Once we arrived we had a quick briefing and then hopped onto our snowmobiles. I think it may be the best thing I have ever done on my travels to date (and I’ve done some pretty amazing things!), the landscape in Iceland is so barren that it didn’t even feel as though I was on earth. I felt as though I was gliding across clouds, or travelling across Mars, and I couldn’t wipe the grin off my face the entire time I was doing it. If you go to Iceland – make sure you add this to your to do list!
This was also something I’d wanted to try (can you see a pattern here? I basically wanted to tick off about 4 things from my travel bucket list). There are several levels of difficulty for these hikes and again they can be done by yourself but we chose to do it via an organised tour because we a) didn’t have any equipment b) we didn’t fancy falling down a crevasse and dying. The views are incredible, and it’s pretty surreal to see a glacier up close. I’m a Lord of the Rings nerd and it felt as though I was part of the Fellowship trekking across Middle Earth! The tour guides are super friendly and explained just how fast the glaciers melt – the equivalent to 20,000 football pitches worth of ice melt every year in Iceland alone. The glacier we hiked up, 10 years ago was accessible from the opening of the National Park yet we had to walk for 15 minutes to reach it as it had eroded so much.
The Northern Lights
As we were short of time and didn’t hire a car we again did this via an organised tour. Pretty much every tour company in Iceland offers Northern Lights tours in the evening, but be warned – they tend to go on until 2-3am! If you don’t see any lights you’re entitled to free tickets the following days until you eventually see them. If I’m honest it wasn’t the most fun experience trying to find them, I was cold, frustrated and exhausted the entire time, but a good friend of mine had the better idea of staying in a hotel away from Reykjavik and was lucky enough to see them from her room one evening. If seeing the Northern Lights is on your bucket list, try to get away from the city and spend a few nights in a more remote location to increase your chances of seeing them.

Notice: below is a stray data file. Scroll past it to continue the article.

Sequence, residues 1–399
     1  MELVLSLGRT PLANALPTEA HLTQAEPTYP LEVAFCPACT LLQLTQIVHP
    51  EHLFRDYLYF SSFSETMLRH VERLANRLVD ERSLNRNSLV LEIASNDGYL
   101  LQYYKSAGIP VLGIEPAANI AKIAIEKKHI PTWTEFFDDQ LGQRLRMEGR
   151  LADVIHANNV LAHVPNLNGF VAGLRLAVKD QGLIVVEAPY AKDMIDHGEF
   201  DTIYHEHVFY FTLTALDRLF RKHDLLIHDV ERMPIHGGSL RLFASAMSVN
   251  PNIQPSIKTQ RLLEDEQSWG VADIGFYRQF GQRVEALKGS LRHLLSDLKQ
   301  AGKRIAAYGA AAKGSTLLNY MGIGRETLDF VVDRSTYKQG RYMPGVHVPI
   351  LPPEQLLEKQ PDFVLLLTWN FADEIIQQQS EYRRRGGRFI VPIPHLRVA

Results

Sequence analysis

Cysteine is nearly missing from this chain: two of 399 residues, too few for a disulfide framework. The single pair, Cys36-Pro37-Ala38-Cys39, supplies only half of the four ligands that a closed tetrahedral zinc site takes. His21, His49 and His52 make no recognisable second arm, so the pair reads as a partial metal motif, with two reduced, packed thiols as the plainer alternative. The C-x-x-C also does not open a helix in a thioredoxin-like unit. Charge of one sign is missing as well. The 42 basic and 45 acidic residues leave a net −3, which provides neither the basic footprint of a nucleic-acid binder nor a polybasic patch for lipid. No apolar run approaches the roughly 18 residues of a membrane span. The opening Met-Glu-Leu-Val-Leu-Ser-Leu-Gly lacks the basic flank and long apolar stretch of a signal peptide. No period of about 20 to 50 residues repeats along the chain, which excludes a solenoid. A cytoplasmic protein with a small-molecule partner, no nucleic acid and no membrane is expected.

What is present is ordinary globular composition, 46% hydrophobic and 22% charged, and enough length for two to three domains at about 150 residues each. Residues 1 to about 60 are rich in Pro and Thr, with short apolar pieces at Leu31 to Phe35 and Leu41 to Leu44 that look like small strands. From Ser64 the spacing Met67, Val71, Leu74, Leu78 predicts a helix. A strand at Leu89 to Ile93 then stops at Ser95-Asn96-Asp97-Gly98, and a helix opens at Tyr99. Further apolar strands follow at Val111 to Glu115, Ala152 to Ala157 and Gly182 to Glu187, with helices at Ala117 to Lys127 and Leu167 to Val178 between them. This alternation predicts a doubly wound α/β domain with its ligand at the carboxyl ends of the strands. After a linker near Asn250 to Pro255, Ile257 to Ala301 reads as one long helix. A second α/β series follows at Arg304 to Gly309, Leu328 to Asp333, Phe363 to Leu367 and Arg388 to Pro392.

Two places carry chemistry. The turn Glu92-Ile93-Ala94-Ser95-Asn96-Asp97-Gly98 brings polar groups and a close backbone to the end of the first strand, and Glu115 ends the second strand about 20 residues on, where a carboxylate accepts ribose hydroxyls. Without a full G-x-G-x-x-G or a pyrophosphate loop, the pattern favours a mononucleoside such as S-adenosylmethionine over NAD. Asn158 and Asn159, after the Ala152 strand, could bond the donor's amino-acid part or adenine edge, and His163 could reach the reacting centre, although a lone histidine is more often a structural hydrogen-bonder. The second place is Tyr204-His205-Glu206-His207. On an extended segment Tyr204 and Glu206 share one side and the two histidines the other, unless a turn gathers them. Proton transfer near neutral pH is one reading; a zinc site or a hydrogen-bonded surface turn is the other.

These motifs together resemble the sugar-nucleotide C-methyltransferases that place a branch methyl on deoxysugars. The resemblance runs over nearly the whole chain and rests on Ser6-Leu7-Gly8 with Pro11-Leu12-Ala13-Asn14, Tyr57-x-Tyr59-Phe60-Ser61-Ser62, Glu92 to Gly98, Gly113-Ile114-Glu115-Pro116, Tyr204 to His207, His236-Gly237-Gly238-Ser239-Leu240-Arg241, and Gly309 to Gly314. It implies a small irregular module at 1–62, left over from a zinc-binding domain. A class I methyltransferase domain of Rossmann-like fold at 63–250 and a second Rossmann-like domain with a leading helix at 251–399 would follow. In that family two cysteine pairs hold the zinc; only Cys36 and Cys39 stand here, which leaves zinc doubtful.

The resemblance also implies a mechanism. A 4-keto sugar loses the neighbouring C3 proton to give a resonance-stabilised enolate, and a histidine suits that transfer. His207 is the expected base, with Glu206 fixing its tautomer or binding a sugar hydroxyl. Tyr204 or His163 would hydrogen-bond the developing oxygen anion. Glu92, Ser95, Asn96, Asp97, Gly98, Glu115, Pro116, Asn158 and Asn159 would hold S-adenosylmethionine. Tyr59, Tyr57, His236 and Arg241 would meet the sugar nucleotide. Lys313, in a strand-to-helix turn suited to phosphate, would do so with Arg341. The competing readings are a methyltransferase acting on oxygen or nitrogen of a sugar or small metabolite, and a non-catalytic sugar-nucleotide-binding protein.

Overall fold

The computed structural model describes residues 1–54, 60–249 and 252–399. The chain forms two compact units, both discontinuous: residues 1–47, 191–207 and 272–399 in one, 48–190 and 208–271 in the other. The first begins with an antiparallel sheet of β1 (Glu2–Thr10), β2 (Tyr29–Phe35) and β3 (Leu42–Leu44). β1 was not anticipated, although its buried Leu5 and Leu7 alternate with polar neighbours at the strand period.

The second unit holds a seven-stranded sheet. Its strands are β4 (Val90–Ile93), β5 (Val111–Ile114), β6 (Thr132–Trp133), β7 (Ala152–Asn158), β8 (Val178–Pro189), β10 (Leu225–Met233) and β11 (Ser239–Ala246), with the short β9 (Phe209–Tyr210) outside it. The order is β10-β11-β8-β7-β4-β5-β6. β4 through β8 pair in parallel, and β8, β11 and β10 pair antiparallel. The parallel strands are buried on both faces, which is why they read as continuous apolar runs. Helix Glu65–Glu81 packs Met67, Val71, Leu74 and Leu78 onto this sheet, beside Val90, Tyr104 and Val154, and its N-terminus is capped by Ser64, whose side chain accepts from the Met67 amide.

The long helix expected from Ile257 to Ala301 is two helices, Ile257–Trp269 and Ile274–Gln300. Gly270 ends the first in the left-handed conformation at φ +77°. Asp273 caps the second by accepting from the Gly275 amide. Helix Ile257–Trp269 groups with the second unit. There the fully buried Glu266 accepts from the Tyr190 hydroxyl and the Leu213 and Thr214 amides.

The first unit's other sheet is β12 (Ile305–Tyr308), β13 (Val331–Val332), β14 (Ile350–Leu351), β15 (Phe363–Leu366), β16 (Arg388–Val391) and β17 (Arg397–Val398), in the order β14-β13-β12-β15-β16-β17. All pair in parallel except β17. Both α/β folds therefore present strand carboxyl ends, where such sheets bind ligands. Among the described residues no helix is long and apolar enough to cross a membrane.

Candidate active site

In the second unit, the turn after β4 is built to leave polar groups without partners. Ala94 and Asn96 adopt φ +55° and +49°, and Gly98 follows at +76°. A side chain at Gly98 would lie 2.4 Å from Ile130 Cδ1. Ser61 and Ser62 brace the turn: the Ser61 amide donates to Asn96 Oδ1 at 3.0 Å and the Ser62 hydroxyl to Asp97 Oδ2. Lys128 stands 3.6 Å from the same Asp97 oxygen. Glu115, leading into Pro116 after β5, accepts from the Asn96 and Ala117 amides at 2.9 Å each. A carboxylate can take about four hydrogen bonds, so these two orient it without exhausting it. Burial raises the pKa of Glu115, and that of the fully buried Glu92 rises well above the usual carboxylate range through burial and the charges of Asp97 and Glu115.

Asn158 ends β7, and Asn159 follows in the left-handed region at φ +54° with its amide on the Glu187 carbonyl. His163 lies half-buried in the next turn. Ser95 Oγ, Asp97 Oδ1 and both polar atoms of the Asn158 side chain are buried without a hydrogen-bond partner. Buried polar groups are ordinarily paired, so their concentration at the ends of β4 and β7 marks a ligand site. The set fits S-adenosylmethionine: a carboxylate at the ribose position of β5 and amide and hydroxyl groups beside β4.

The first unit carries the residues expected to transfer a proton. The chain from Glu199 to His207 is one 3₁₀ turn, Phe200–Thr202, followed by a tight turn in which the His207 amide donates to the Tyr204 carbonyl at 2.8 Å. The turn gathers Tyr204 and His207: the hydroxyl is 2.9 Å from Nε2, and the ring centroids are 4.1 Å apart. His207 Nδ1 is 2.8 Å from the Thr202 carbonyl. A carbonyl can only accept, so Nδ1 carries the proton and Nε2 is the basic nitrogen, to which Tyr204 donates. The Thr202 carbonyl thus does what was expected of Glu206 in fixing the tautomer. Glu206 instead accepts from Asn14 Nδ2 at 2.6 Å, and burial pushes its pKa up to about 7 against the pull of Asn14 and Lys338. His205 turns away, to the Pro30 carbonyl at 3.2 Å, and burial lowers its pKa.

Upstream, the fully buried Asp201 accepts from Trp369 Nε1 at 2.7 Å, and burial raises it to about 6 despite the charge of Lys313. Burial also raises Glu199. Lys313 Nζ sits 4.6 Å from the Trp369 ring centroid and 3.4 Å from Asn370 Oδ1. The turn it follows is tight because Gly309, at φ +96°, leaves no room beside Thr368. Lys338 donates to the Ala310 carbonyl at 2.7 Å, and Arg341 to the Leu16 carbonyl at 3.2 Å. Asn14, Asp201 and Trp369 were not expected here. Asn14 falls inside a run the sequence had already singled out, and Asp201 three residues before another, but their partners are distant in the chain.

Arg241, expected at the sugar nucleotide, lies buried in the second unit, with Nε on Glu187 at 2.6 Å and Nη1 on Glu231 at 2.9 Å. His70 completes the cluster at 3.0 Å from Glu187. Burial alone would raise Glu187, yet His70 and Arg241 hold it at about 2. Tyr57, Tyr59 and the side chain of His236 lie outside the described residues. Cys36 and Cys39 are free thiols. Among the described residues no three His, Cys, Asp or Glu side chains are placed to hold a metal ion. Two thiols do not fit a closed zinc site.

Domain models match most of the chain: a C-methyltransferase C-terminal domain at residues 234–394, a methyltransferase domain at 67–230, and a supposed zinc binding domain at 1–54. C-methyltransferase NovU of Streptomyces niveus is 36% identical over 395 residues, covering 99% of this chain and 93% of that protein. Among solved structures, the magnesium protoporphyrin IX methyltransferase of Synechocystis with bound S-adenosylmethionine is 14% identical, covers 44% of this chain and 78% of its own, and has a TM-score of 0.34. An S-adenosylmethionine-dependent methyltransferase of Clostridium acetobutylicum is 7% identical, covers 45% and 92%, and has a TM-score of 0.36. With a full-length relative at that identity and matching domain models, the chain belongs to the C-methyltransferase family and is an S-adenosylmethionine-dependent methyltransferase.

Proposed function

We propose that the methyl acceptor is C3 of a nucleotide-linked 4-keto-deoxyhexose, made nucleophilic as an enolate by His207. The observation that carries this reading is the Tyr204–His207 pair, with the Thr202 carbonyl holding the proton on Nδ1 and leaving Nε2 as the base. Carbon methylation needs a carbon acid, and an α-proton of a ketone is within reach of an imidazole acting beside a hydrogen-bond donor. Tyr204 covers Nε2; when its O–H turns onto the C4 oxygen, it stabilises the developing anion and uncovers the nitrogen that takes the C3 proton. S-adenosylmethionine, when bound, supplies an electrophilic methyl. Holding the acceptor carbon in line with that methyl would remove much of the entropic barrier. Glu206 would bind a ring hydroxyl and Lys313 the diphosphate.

Visit a Volcano
We sadly didn’t have time to do this but if I was to go back I’d definitely add visiting a volcano to my list. After all, how many places can you visit that allow you to go up close to a volcano? Tours tend to include hiking to the top of the Volcano and time to wander around the craters.
Ice Cave Exploring
I’m a bit of a wimp and quite claustrophobic so I avoided any ice cave tours but if you don’t mind being underground for a while then ice cave tours are definitely worth trying. This picture makes it look as though you’re stepping into the Upside Down.
Local Tasting Menu
Iceland is EXPENSIVE. Absolutely nothing is cheap there. A plate of pasta will set up back £35 and even a slice of cake is £8. Most evenings we cooked dinner in our Airbnb but on our last night we decided to try a 7 course local tasting menu and I’d hugely recommend it to anyone that wants to sample some of the local cuisine. We visited Grillmarkadurinn in Reykjavik and tried whale (I felt bad eating this!) puffin, duck, beef, and a mix of local deserts.
If you prefer spending a bit less, some of the local cafes have cheaper options on their menu. However, the main delicacies available in the cafes are rotten shark and sheep dung, so we decided to avoid that option and go for something slightly more high end!
To my lovely readers, have any of you ever been to Iceland? If not, would you go?